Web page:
What is the ‘mutant COVID strain’ and why are experts concerned?

  • Coronaviruses mutate regularly, acquiring about one new mutation in their genome every two weeks. 
  • Most mutations do not significantly change the way the virus acts.
  • This super strain, named B.1.1.7, was first identified in the UK in November.
  • It has since been found in France, Spain, Italy, Iceland, Japan, Singapore, Australia and now the United States. 
  • The new COVID-19 variant has a mutation in the receptor binding domain (RBD) of the spike protein at position 501, where amino acid asparagine (N) has been replaced with tyrosine (Y). 
  • It is more infectious than previous strains and potentially more harmful to children. 
  • It is not, however, believed to be any more lethal.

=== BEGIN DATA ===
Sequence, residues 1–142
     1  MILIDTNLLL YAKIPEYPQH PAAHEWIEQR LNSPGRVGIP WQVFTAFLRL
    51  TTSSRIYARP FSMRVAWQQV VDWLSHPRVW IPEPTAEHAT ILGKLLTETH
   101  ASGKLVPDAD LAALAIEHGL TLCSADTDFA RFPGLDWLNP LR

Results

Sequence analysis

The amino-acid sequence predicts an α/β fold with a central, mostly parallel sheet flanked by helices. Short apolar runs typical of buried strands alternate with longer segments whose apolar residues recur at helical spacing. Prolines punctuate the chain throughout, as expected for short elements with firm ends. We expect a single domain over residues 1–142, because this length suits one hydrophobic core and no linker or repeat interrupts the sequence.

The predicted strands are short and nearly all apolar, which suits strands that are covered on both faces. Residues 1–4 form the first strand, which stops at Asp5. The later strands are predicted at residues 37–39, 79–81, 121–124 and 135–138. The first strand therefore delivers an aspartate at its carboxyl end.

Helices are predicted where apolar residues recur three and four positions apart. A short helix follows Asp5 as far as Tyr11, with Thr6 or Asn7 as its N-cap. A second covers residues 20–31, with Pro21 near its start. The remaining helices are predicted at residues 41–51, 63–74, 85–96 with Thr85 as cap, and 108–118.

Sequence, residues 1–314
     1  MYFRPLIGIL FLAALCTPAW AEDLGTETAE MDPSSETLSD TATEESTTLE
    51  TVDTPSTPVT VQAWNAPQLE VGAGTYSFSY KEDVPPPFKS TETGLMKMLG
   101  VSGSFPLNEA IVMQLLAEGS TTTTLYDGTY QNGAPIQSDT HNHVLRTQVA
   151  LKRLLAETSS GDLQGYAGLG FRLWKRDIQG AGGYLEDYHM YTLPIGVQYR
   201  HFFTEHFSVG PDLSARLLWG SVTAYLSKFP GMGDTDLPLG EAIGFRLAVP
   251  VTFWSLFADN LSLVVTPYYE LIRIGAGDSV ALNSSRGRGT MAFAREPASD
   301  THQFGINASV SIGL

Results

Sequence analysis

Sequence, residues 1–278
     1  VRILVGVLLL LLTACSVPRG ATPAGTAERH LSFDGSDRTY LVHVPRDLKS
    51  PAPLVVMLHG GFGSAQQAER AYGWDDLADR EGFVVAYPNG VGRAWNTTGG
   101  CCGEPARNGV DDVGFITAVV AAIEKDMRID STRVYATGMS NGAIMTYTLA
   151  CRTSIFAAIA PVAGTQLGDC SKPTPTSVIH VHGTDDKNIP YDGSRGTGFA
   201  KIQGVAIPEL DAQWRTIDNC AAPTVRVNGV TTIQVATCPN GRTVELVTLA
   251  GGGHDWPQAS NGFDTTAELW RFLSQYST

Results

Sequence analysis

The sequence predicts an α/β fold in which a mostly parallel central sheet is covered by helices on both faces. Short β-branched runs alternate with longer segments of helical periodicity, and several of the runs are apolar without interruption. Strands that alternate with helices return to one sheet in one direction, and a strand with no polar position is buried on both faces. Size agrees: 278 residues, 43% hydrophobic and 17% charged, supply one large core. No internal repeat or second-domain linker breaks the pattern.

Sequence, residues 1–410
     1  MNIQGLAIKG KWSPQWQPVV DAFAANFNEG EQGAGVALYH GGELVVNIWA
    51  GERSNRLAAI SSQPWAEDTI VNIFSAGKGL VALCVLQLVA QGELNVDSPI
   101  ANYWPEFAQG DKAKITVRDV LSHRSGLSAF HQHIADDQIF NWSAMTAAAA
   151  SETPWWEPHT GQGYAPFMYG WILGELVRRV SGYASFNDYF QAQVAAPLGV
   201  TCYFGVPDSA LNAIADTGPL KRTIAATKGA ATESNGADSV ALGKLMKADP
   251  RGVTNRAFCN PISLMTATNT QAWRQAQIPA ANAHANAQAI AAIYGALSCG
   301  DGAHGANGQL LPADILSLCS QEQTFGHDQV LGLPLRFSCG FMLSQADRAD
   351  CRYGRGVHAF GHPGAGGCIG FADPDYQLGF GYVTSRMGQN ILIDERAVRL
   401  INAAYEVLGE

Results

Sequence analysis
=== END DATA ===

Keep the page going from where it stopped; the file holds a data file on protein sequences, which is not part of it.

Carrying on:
• Public Health England researchers compared 1,769 people infected with the new variant, with 1,769 who had one of the earlier strains of the virus. 
  • Forty-two people in the group were admitted to hospital, of whom 16 had the new variant and 26 the wild type. 
  • Twelve of the variant cases and 10 of the ‘older’ virus cases died within four weeks of testing. 
  • Neither the hospitalization nor the mortality differences were statistically significant.

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